• Six months of income information (e.g., paycheck stubs)
  • Six months of bank statements
  • Tax returns (the last two years), include profit/loss statements and tax return for business
  • Credit card, collection (including: complaints and judgments) and other billing statements
  • Current credit report (you may visit for a free copy)
  • Current investment and retirement statements
  • Life insurance information
  • Title/deed and current mortgage statements for real estate properties (home, time share, etc.)
  • Title and current loan statements for vehicles
  • List of personal property and estimated value (clothing, jewelry, furniture, technology, antique, collectibles, etc.)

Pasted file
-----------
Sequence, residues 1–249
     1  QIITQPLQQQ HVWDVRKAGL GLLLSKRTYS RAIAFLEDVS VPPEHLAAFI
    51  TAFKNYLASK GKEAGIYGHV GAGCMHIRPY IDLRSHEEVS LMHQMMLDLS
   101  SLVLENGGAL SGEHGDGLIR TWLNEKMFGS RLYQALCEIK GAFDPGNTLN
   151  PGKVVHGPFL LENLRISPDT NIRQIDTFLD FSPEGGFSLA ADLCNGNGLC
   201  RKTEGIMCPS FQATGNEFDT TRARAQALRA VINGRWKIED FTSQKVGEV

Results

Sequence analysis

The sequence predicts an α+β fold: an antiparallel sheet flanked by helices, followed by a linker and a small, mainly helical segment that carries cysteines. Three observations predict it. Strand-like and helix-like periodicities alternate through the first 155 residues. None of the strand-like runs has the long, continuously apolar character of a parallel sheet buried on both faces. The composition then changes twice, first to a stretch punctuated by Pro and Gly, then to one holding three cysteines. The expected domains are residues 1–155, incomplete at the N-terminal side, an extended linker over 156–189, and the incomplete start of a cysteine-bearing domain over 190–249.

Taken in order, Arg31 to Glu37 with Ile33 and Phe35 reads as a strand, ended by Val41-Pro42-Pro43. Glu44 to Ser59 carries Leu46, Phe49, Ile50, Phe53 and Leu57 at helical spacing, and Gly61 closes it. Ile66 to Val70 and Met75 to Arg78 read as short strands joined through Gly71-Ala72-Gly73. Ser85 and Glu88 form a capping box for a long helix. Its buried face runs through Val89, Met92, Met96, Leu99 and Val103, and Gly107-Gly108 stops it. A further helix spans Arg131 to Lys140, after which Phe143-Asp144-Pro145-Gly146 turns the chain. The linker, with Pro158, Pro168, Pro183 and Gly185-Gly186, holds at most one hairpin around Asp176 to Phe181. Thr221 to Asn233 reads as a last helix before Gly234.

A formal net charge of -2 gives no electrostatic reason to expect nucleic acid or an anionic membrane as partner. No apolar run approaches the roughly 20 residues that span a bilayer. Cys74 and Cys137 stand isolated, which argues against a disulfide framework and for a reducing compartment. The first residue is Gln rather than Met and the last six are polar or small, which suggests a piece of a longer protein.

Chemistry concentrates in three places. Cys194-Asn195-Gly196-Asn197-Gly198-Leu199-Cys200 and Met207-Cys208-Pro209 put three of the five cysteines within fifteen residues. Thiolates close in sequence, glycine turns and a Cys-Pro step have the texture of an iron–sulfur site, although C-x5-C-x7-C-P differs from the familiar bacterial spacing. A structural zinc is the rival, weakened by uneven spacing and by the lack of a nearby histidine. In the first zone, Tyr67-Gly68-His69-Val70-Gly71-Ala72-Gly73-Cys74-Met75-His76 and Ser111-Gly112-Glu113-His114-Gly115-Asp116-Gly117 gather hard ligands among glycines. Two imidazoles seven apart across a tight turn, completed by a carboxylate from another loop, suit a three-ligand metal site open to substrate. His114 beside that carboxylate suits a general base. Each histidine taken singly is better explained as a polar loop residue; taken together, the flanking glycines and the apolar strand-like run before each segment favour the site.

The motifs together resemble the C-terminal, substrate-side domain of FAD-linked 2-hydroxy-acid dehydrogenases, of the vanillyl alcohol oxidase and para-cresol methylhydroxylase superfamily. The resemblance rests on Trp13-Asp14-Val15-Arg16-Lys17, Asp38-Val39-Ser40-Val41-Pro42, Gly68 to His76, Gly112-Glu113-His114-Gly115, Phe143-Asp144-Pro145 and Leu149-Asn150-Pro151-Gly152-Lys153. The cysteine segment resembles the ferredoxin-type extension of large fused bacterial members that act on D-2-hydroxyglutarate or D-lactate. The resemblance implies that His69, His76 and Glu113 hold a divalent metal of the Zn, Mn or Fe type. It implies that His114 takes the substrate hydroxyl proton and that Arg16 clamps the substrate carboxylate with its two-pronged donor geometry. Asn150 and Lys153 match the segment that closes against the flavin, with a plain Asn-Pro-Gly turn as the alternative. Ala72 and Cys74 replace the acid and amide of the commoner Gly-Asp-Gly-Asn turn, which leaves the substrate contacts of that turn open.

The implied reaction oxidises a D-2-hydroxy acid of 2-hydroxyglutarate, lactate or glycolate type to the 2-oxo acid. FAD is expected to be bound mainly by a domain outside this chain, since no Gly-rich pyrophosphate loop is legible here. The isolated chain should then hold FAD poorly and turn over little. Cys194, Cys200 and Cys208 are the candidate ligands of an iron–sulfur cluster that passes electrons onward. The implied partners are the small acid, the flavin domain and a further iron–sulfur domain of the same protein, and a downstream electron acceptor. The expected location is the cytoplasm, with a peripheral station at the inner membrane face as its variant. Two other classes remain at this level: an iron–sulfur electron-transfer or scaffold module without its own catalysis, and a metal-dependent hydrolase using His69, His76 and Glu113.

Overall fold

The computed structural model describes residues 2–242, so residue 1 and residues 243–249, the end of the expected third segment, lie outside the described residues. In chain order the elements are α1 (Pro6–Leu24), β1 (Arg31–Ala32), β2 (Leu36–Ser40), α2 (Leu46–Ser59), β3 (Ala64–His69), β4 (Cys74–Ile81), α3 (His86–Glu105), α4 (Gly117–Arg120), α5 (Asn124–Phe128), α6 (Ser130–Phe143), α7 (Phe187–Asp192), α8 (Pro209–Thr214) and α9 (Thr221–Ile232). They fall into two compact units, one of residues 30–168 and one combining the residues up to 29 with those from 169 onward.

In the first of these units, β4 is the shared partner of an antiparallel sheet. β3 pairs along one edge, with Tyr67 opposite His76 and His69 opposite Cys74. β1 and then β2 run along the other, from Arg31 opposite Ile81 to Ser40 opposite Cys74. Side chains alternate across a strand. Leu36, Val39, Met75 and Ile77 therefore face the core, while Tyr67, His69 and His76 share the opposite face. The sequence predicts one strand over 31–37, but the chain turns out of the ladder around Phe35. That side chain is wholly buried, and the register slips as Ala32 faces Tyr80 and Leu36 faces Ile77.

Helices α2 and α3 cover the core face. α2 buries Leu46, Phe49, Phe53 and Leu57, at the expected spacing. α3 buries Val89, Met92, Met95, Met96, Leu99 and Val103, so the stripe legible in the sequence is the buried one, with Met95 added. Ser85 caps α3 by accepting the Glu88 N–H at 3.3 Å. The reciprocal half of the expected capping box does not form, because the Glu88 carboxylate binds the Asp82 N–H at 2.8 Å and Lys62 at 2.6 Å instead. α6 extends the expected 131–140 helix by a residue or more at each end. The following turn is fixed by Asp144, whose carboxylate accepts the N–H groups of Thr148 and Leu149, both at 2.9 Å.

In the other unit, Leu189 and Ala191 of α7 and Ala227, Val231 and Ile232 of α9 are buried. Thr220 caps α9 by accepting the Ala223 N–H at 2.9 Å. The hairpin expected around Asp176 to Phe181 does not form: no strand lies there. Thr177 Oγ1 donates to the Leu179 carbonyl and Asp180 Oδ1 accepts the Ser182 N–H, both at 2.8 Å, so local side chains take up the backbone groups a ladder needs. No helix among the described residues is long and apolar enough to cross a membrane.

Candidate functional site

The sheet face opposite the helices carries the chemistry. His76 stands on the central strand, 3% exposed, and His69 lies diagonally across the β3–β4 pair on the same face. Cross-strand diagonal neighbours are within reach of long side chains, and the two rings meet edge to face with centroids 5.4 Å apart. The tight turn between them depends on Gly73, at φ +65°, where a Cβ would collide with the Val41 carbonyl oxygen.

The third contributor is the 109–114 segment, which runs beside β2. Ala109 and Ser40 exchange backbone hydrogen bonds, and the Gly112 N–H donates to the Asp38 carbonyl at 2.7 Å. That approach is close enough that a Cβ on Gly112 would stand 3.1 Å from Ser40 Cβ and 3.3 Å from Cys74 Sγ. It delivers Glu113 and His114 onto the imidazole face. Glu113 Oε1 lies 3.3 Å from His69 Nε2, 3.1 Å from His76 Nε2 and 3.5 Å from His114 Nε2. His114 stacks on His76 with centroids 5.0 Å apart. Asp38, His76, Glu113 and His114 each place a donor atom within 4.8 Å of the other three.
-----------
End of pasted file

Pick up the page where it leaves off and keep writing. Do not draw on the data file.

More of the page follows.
• Divorce and marital settlement agreement
  • Driver’s license
  • Social security card

Bankruptcy FAQs

What is Bankruptcy?

Bankruptcy refers to a federal court procedure that provides a fresh start for those unable to pay their debts to discharge all or some of their debts. If the court discharges the debt, the debtor no longer has an obligation to pay the debt, and the creditor may not compel the debtor to pay. However, if the loan is tied to a property as collateral for the debt (i.e. secured debt), the creditor may still be able to repossess that property if the debtor does not pay the debt.

What are the different types of Bankruptcy?

Chapter 7 (“liquidation”)

Chapter 11 (“reorganization”)

Chapter 13 (debt adjustment/wage earner’s plan)

What is an automatic stay?